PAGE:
Once upon a time, if you wanted to download some new swag for your phone, like a ring tone or wallpaper, you browsed to the pixellated, walled garden of your network's virtual shop and laid down an exorbitant amount of cash. But the advent of smart phones like the iPhone, -based and BlackBerry brought app stores that funnelled your hard earned cash into the phone makers' pockets, and left the networks to provide the data connections and not much else.
In a bid to avoid becoming a so-called 'dumb pipe', Vodafone is forcibly inserting its own finger into the pie with the 360 service, which will replace Vodafone Live. One of the constituent offerings is an app store that will supply applications for a range of different phones. But, although Vodafone says that it'll have 1,000 apps at launch, the app store is the least of the new service's features.
The company hopes 360 will become a clearing house for your social networks, bringing your online friends together with the contacts in your phone's address book. When it goes live, you'll be able to manage your contacts on your phone or on the 360 Web site.
Sadly, Twitter won't be part of 360 when it launches, but the operator insists that it won't be long before it joins Facebook, Windows Live Messenger and Google Talk as part of the service.
Photos, status updates and your location, nicked from your phone's GPS, will all be accessible through the Web site, as well as via two specialised Samsung phones, and an app that can be installed on other phones -- mostly those running the Symbian operating system, found on most Nokia devices.
The two Samsung phones, the H1 and less expensive M1, will have 360 coursing through their veins and support some extra features, such as a Google Latitude-like tool that shows you which of your H1- or M1-sporting friends are nearby. We'll have hands-on photos of the Samsung H1 and M1 later, so keep your peepers peeled.
Four new Nokia phones will be available with a 360 app pre-installed. The app offers most of the new service's features but lacks the jazzy 3D view of your address book that sorts your peeps by different variables and lets you swipe through them, in the style of Cover Flow.
A free app will also be available for other phones, including the iPhone. That app only provides access to the 360 address book, without the other features.
You don't have to be a Vodafone customer to sign up for the Web-based service or use the 360 app on your phone. That should help the service catch on, and aid Vodafone in snaffling some lucre from other operators.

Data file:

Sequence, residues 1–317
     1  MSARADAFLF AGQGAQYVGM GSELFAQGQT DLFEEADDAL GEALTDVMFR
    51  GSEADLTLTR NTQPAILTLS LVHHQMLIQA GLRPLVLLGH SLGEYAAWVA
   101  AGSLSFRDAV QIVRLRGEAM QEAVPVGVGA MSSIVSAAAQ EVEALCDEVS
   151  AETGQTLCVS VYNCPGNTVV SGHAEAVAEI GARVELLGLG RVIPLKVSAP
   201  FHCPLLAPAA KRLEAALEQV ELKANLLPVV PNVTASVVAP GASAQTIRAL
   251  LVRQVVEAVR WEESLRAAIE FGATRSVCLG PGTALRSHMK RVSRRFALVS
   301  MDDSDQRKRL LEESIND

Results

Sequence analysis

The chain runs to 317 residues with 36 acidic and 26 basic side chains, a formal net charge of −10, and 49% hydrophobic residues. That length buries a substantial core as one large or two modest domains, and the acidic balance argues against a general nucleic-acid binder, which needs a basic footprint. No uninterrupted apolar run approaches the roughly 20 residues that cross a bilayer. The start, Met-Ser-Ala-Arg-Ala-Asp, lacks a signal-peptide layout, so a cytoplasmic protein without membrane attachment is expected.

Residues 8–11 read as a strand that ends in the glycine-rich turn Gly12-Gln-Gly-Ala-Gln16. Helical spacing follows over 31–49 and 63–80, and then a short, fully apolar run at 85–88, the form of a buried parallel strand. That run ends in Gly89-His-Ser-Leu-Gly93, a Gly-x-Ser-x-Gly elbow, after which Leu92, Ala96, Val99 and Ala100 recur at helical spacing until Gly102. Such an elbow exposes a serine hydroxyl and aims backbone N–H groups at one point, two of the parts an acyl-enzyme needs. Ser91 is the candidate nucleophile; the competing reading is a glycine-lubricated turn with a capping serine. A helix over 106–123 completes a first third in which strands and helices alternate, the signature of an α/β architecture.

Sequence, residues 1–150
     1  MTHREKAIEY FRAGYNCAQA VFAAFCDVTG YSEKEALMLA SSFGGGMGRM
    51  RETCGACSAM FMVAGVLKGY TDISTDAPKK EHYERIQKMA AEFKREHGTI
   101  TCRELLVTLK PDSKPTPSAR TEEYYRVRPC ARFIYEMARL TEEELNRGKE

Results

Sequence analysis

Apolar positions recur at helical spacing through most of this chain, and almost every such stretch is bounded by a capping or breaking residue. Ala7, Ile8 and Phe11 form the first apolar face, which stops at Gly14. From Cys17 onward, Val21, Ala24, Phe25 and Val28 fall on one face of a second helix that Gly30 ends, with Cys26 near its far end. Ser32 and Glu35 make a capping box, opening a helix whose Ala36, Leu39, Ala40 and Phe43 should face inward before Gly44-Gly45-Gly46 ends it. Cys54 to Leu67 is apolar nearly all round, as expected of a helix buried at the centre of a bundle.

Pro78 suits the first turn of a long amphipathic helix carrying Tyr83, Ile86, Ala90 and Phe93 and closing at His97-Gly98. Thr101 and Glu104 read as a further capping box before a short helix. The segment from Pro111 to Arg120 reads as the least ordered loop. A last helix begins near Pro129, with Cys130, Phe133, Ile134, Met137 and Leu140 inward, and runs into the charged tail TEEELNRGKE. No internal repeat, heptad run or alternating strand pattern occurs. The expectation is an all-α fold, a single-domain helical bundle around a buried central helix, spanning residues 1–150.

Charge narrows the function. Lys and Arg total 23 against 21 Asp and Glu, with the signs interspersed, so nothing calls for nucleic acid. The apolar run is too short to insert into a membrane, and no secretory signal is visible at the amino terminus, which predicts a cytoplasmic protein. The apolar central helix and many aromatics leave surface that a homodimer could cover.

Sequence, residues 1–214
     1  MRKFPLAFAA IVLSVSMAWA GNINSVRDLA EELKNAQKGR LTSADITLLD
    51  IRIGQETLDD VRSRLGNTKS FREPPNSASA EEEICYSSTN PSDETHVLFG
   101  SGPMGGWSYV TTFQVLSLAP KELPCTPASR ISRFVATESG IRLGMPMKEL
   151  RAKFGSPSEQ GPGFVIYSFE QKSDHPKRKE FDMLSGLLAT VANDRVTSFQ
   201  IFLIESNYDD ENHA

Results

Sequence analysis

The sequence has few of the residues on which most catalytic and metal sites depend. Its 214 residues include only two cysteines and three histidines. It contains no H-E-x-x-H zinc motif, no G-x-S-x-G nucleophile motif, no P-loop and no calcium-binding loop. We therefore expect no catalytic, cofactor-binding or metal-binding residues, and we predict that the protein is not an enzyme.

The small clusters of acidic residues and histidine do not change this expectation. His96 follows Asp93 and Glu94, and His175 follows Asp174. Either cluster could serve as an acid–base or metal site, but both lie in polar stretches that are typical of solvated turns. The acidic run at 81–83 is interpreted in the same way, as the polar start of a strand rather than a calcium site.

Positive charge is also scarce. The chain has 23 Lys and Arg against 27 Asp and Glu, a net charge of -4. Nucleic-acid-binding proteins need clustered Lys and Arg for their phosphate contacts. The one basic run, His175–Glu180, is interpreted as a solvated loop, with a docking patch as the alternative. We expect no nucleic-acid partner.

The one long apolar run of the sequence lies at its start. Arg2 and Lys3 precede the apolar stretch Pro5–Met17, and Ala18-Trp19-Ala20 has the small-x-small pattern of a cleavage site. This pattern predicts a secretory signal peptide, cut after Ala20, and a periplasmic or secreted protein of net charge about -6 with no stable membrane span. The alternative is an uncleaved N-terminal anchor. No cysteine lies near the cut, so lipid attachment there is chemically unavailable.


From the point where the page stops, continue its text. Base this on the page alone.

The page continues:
You may be wondering why in the name of Lucifer we need
another social-networking aggregator or app store in our over-burdened
lives. Vodafone 360 is similar to Nokia's
We think Vodafone has a couple of big advantages that could make 360 a goer. Firstly, if you're a Vodafone customer, it can bill purchases right to your phone bill, rather than requiring use of a credit card or PayPal. That's the 'micropayments' holy grail -- you can quickly and easily spend tiny amounts. For example, Vodafone tells us it's done a deal with Italian newspaper La Repubblica to push headlines to phones and let people pay a few pennies to read the whole article. That sort of feature is hardly worth logging into PayPal for, but the income will add up for the vendor.
Secondly, deals with partner networks mean Vodafone can
offer app developers a route into the pockets of 1.1bn customers
around the world. That's means there's potentially a substantial amount of dosh up for grabs, even if we're talking pennies per
punter. Of course, developing for all that different hardware is no
piece of cake, but Vodafone is offering an open API using JIL, and
a split that gives developers 70 per cent of the profits. It's also running an app-developing contest backed up by a motivational €1m prize.
Vodafone says the 360 service and its new phones will launch before Christmas, but you can register your interest now at the 360 Web site, where you can also take the service for a simulated test drive and try to figure out what the heck it is.